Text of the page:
I've listed above some popular high sodium foods that you may see people train and race with as endurance athletes. Pretzels are great - I personally like the flat ones with extra salt - though they're very dry so they don't work for everyone. Potato chips are a classic aid station food, and the fat makes it more palatable. Some people like PB&Js, while others enjoy salted mashed or boiled potatoes.


Quesadillas are great for longer races where you need something more substantial. Broth or noodle soups are a great choice in colder events, while salted watermelon is a great summer option. Some bars have a decent amount of sodium too (e.g. Maurten's has over 200mg sodium and Clif is around 150mg).


Hydration in Different Conditions


Let's wrap up this post with how your hydration needs change in different environmental conditions, and how you can adjust your plan accordingly. It's nearly summer, so warm weather is on most of our minds, but you need to pay attention to hydration year-round!


Heat increases our sweat rate, which leads to more fluid and salt being lost. That means we need to increase the amount of fluid per hour with adequate sodium to make up for these increased losses. Remember - if you lose MORE sweat per hour, you lose more total sodium because the total volume of sweat is higher, but the mg/L doesn't change. Heat can also mess with your ability to fuel - it's crucial that you stay on top of your hydration so that you don't add GI issues to the mix.


Hot and dry is really different than hot and humid. Increased humidity can lead to increased perceived effort. That's because your body produces heat that it needs to get rid of through sweat. In a dry environment, the sweat can evaporate easily and dissipate heat but in a humid one, the air is already saturated with water and sweat pools on the skin and drips off, taking much less heat with it from the body. This is where looking at a heat index can be helpful, to get a better sense of what the air feels like versus the actual temperature.


What about cold? I often see people neglecting their hydration in cooler weather and especially in below freezing temps. But there are multiple physiological things going on that cause you to still get dehydrated.


You have a decreased thirst sensation, making you less likely to drink unless you're intentional and drinking on a schedule. Also, you may need to pee more frequently in the cold, due to cold induced diuresis. Blood flow is flowing away from the skin and towards the center of the body to protect your organs from the cold, which forces the kidneys to filter more blood and thus produce more urine. As a result, you have an increased urge to pee and you lose more water.


You're also still sweating, even though you may not notice it as much because the air is dry and tricking you into thinking you're sweating less. And lastly, you need to practice cold weather specific fueling strategies to prevent fluids and other fuel from freezing.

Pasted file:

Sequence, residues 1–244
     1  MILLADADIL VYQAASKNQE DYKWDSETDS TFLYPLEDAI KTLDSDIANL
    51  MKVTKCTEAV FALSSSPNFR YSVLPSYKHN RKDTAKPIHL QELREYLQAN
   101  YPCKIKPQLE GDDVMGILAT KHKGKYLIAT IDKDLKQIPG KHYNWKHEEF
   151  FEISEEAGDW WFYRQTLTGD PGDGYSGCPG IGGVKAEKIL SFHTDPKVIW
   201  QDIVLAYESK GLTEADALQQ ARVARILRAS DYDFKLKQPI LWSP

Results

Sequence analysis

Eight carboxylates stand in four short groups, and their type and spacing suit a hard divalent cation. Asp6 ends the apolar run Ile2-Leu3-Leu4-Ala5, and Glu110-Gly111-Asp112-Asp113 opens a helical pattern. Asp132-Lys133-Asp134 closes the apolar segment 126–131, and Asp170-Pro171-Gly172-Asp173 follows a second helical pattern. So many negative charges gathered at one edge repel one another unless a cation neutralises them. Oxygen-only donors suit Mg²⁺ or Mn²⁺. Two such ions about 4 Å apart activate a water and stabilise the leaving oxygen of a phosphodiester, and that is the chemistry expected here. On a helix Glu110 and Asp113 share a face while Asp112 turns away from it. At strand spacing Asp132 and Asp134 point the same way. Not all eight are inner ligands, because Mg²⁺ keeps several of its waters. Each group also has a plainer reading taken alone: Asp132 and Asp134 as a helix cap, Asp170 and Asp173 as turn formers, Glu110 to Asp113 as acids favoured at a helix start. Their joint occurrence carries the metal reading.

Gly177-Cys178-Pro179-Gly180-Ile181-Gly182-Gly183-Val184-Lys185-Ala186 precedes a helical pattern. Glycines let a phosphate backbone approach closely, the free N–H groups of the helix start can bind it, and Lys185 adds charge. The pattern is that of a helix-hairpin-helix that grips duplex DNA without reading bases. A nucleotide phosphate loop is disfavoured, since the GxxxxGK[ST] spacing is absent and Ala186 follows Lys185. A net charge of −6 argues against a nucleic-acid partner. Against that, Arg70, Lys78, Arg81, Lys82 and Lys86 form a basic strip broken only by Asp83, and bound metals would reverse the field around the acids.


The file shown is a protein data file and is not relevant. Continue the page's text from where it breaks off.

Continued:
Here are a few cold weather fueling tips:


  1. If you're using a hydration bladder, blow back into the tube after drinking so it doesn’t freeze, and wear your pack under a jacket to keep body heat in. You can also use an insulated tube. If you're using bottles, wrap wool socks around them.

  2. Use a little splash of vodka to lower freezing temp in your sports drink.

  3. Use higher carb drinks to lower freezing point and get more calories from liquids


Lastly, high altitude, which is anything over 8,000ft, increases risk of dehydration. With less oxygen, your breathing becomes faster and shallower, contributing to increased water loss. And similar to the cold, the air may be less humid, causing moisture to evaporate more quickly, making you think that you're sweating less than you are.


Also, like with cold, there is high altitude diuresis, where your kidneys react to drier climates and regulates the thickness of your blood to carry oxygen, causing increased urine production and thus fluid loss. Like with heat, GI issues are often more prevalent at altitude. One strategy that works well is taking smaller but more frequent sips of fluids to stay hydrated while not overwhelming the gut.


Want to learn more? I have some additional resources for you!


My podcast episode with Sports RD Colette Vartanian from Sktrach Labs is a great deep dive into personalized hydration strategies and testing methods, and this episode with Andy Blow from Precision Fuel & Hydration is another fantastic overview of personalized hydration concepts and testing. Both are geared towards endurance athletes and will give you a solid background on all things hydration.


My Hydration Mini Guide & Sweat Test Worksheet is a resource that includes much of what I'm discussing today, in digital download form. My FREE Winter Fueling Guide specifically focuses on hydration and fueling in cooler temps.


Lastly, if you found this post helpful, you will love my self-paced course Peak Performance for Endurance Athletes: Your Ultimate Guide to Strategic Fueling. This 7-part series is packed with evidence based, easy to understand information with tons of visuals covering everyday nutrition, hydration, intraworkout fueling, training the gut, performance and micronutrient supplementation, and preparing for race day. Preview the course, the full curriculum, and get all your questions answered here.


Questions? Comment below or get in touch.